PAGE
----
AIS-EDU International Mid-term Conference

University of Palermo (Italy) 13-14-15 April 2023

Education as Commons
Democratic Values, Social Justice and Inclusion in Education

To rethink today education as commons (i.e. educational commons) implies the attempt to reverse contemporary neoliberal processes of enclosure and commodification of education and radically transform the substance of teaching, learning, research, and institutions into a common good that nurtures openness, inclusion, direct engagement in public and collective life, autonomy and self-reliance (Pechtelidis & Kioupkiolis 2020). As such, education as commons is intrinsically linked to the various dimensions of identity formation in political, cultural, and economic life rather than simply in the transmission of formal knowledge. It also questions how citizenship education has been traditionally defined and enacted. This is the case especially in formal educational contexts where agendas and processes are pre-established according to a dominant narrative that casts children’s participation in developmental terms of what is lacking and yet-to-be achieved by them. An approach that disregards their actual activities as citizens in the present and models their participation on adult-driven conceptions of voice and democracy. In this path to education as commons, the notion of “subjectification” takes precedence over “socialization” (Biesta 2011), resituating children as agents not engaged in passive absorption but in active adaptive construction. Education as commons implies a more cooperative and egalitarian mode of governance, participation and citizenship and the turning of learning and governance processes into a collective good that is co-produced by all community members.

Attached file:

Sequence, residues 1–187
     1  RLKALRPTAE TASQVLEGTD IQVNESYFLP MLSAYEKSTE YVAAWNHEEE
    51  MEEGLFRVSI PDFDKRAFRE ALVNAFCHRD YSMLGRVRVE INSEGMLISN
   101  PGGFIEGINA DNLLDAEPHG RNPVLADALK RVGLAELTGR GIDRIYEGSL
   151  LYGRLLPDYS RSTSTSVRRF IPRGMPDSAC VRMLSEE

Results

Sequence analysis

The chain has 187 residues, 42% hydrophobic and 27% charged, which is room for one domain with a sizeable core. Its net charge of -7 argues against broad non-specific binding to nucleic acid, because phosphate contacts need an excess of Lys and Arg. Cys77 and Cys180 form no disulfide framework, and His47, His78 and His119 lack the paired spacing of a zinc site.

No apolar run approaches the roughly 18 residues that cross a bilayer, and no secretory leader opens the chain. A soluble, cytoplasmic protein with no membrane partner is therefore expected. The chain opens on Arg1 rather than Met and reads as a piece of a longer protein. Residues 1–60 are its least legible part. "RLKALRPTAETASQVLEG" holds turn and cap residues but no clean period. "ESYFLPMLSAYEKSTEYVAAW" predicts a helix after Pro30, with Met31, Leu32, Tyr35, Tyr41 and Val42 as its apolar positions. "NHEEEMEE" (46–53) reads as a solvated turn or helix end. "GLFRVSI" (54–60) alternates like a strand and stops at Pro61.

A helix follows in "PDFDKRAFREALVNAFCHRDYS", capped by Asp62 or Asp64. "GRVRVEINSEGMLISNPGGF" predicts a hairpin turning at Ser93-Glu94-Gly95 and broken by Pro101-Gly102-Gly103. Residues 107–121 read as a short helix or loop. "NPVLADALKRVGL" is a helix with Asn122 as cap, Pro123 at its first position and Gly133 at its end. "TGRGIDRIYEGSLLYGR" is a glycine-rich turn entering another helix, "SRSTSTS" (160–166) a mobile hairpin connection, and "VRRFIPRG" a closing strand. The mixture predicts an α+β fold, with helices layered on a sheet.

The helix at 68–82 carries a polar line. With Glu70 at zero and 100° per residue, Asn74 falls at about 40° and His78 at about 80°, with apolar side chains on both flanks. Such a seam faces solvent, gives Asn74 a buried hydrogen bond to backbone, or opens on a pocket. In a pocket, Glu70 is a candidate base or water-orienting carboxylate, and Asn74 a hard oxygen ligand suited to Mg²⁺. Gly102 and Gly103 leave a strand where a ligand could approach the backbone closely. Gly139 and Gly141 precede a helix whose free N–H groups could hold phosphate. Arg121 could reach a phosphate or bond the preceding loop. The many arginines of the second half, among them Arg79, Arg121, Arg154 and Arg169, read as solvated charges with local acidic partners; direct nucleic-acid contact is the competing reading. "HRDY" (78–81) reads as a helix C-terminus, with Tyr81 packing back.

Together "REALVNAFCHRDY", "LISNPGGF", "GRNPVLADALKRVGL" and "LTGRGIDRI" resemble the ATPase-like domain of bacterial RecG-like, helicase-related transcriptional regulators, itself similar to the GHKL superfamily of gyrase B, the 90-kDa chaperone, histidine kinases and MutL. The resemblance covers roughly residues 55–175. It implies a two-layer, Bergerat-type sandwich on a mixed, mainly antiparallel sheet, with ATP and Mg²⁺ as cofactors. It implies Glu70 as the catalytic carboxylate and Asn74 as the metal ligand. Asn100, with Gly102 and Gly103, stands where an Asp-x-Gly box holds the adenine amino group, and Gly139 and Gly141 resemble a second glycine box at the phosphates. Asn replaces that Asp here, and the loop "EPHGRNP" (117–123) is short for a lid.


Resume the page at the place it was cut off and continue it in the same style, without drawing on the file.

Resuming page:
Building on the notion of education as commons (or educational commons), any contributor may submit only one abstract on one of the following topics:

  • School and social inclusion
  • Effects of New Public Management on research and teaching in Higher Education
  • Education as commons in formal, non-formal and informal education
  • School-family relationships and conflicts
  • The commodification of career guidance and orientation
  • The platformisation of education
  • Educational commons and technologies: risks and opportunities
  • Teaching today. Profession, evaluation, training.
  • Aims and effects of school evaluation
  • School governance and policies
  • Childhood and youth
  • Migration and education
  • Adult education
  • The school and the reproduction of social and gender inequalities
  • Actions and proposals for imagining new ways of conceiving and organizing educational spaces, subjects, and knowledge.